Valentines Day
In this photo, Jaidon Santos-Volpe (C) dances with his two mothers Theresa Volpe (L) and Mercedes Santos during the Valentine's Day Ball at Baker Demonstration School in Wilmette, Illinois, Feb. 13, 2013. REUTERS/Jim Young

The mother of a sixth-grade student at Kanesville Elementary, Utah, claimed she was appalled to learn that her daughter did not have the option to reject a male peer’s proposal to dance at the school’s Valentine’s Day program.

Natalie Richard told Fox 13 that she was shocked to learn that her daughter had to “yes” when one of the boys in her class approached her for a dance at the program set up by the school on Valentine’s Day.

While Richard initially had a simple explanation for her anxious daughter — that the latter had misunderstood the instructions given by the teacher — the mother soon found out that it was not the case.

When she directed her concern to one of the teachers of Kanesville Elementary school, “the teacher said, 'She can't. She has to say yes. She has to accept.' And I said, 'Excuse me?'" Richard said.

Determined to understand why such a rule was made, Richard took the matter to the principal of the school. Instead of getting any definitive explanation, she was met with a vague answer.

"He basically just said they've had this dance set up this way for a long time and they've never had any concerns before," Richard said.

She then received an explanation from Lane Findlay with the Weber School District, who confirmed that the school indeed had a rule like that in place for a reason.

“Please be respectful, be polite," Findlay said. "We want to promote kindness, and so we want you to say yes when someone asks you to dance.”

While Richard did not disagree with the intention behind the rule, she said the lesson of kindness could have been imparted among the students in various other ways.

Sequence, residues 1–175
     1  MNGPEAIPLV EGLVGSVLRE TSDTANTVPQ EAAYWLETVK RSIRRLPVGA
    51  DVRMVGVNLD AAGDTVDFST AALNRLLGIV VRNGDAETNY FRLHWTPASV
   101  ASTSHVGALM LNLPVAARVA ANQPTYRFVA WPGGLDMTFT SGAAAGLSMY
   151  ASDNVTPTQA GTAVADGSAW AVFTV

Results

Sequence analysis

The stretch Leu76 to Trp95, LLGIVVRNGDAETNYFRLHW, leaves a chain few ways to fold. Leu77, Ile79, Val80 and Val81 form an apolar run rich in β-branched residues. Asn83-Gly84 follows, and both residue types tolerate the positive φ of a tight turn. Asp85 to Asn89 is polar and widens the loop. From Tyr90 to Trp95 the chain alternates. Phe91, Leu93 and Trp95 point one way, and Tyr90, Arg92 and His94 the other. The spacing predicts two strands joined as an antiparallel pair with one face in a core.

“I do see it from their perspective when it comes to that, but there are many other ways to teach children how to be accepting than with a social dance,” Richard said.

The concerned mother added that most of the young girls at the school are bound to take away a message from the rule that goes against the teachings of gender equality and women empowerment.

“Psychologically, my daughter keeps coming to me and saying I can’t say 'no' to a boy," she said. "That’s the message kids are getting."

And the message works both ways. “Sends a bad message to girls that girls have to say 'yes'; sends a bad message to boys that girls can’t say 'no,'" Richard said.

However, the school administration assured parents that they would take all the necessary precautions to assure that no student feels pressurized into a situation that would make them feel uncomfortable.

According to Findlay, every student was required to fill out a card by selecting five people they want to dance with, prior to the event. In case a student is not comfortable accepting the dance proposal of one of the people mentioned on the card, the student is always encouraged to draw the teacher’s attention to that fact.

“If there is an issue, if there’s students that are uncomfortable or have a problem with another student, I mean: that’s certainly something that can be addressed with that student and parents,” Findlay said.

Richard was also not happy with the fact that existence of such a rule was not mentioned to the parents, who might want to know the details of such a policy. The principal agreed to Richard’s request of sending out a permission slip detailing the instructions of the unconventional rule to the parents of the students.